Page last reviewed: 18/09/2014

Next review due: 18/09/2016


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The 5 comments posted are personal views. Any information they give has not been checked and may not be accurate.

Boogangles said on 29 May 2014

I have just started to have the symptoms of CTS there is a family history, my mother, my sister, and my niece recently had a operation, I do get cramps in my hands when operating a strimmer etc, but not CTS, when I get the problem I hang my arm down in the daytime, or over the side of the bed at night, it goes almost instantaneously, it does occur when I rest my head on my arm at night, but what I have been doing previously before any CTS was gripping those hand exercisers to strengthen my grip, I noticed that although the CTS happens to my left hand mostly, occasionally my right hand twinges a bit now and again, although its predominant in my family history, I am 76 now and have never had any problems, where as the younger members of my family tend to get it, so my self diagnosis, obviously just for me in this instance, it is the hand grippers that are responsible would anyone agree, I hope this helps someone.

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Ella1910 said on 12 April 2013

I've just been diagnosed with cts but I know nothing about what treatment I will be receiving as the doctor who did the tests said I had to see my own doctor. Trying to find out if its from my job that I do I am support worker in health care and have been working with the elderly who do need lots of care. I'm wandering if I did it when repositioning clients when in bed or is it something else as never noticed these symptoms before. Also I need to know if can continue with my job as love working in the care sector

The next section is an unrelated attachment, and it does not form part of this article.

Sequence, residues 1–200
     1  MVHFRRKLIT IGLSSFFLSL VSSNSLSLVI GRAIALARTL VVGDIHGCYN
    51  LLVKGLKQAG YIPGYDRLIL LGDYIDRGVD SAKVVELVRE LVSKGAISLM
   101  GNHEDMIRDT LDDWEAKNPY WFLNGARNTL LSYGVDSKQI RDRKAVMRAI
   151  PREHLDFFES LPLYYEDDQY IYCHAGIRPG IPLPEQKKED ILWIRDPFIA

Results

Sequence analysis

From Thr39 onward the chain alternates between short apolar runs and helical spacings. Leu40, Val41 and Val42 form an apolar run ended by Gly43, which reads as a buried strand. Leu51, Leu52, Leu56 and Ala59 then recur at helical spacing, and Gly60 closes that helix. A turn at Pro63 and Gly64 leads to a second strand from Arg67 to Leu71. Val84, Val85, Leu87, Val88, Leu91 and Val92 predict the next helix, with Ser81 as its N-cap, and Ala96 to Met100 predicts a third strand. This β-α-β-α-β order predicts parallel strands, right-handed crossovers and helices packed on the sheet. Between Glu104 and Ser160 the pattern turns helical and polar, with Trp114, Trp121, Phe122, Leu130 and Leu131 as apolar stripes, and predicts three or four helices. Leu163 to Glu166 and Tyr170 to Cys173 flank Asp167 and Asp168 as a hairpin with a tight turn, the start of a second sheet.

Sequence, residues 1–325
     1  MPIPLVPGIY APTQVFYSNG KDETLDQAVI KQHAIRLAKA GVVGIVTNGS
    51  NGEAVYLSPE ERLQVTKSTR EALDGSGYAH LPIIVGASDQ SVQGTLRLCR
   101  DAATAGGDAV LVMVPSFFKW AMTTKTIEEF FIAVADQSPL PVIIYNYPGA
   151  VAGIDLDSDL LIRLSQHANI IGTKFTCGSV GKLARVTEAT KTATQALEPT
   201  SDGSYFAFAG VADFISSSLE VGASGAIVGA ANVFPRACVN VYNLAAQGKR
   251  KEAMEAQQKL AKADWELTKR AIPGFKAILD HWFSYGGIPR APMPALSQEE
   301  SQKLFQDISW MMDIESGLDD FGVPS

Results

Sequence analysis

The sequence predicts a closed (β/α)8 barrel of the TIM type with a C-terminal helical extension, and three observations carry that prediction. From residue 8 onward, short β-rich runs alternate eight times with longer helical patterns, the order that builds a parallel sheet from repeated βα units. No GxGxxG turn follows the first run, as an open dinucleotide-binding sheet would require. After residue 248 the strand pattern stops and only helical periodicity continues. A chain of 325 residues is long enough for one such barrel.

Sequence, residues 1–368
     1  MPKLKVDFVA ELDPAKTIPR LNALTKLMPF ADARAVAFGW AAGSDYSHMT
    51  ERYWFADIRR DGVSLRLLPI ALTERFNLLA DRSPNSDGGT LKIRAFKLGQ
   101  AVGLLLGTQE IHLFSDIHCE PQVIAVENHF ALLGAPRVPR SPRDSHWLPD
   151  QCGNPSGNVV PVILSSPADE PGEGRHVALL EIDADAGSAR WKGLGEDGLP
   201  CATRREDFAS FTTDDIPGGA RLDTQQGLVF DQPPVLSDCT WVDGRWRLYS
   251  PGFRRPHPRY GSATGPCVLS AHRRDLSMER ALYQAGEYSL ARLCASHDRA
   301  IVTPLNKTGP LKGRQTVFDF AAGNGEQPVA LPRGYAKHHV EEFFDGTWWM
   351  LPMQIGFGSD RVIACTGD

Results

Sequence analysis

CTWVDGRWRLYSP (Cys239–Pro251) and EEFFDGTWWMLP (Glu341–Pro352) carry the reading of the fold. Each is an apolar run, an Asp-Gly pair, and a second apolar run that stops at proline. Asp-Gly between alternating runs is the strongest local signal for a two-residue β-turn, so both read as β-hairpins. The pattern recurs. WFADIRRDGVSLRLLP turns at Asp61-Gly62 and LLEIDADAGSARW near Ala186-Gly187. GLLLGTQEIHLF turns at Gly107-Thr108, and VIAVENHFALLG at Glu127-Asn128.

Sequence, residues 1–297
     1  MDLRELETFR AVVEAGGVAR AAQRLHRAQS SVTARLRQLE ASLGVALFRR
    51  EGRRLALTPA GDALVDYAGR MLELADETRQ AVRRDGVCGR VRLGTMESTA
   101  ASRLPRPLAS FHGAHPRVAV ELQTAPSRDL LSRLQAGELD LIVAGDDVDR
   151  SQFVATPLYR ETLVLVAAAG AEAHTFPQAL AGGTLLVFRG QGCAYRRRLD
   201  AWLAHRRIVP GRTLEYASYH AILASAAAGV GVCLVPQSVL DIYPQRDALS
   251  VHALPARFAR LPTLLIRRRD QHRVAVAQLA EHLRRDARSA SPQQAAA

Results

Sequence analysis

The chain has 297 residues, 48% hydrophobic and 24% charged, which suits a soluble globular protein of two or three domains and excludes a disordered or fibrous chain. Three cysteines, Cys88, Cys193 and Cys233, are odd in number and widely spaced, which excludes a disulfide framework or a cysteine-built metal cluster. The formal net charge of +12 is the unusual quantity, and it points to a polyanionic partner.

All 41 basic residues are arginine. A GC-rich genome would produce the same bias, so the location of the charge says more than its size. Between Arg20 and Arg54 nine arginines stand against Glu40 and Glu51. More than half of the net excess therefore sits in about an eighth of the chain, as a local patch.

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anita howarth said on 04 April 2012

hello QueenEsther

could it be repetitive strain and not carpal tunnel?

i`ve just been diagnosed with CTS and fingers if u touch the inside tingle and feel quiet numb.
i got mine through being a sewing machinist for over 20 years florist and using computer hasnt helped .
hope you get things sorted

x Anita

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anita howarth said on 04 April 2012

i`m 45 female and have been just diagnosed with carpal tunnel , i`ve had 3 injections over a period of 3 months.the
injections worked really well but pain came back so surgery it is
although i`m slightly over weight i used to be a machinist for over 20 years then a florist, i use a computer and this is the cause of my CTS
i`ve been told by Rochdale infirmary that i`m on a 2 day standby so i`m just waiting now , cant wait as it hurting just writing this.
all being well with the right hand the left will be next.
so i`ll report back thank you Anita

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QueenEsther said on 23 August 2011

I have recently been diagnosed with carpal tunnel syndrome, and the only thing I ever did regularly with left hand was changing gears in car I drove for 26 years and recently gave up through pain in armpit which I had for 2 years and recently coupled with tingling in first two fingers.
After reading causes here I fins that it can be caused by many things, but I don't see from driving. Has anyone else had same symptoms who drives right hand drive cars regularly?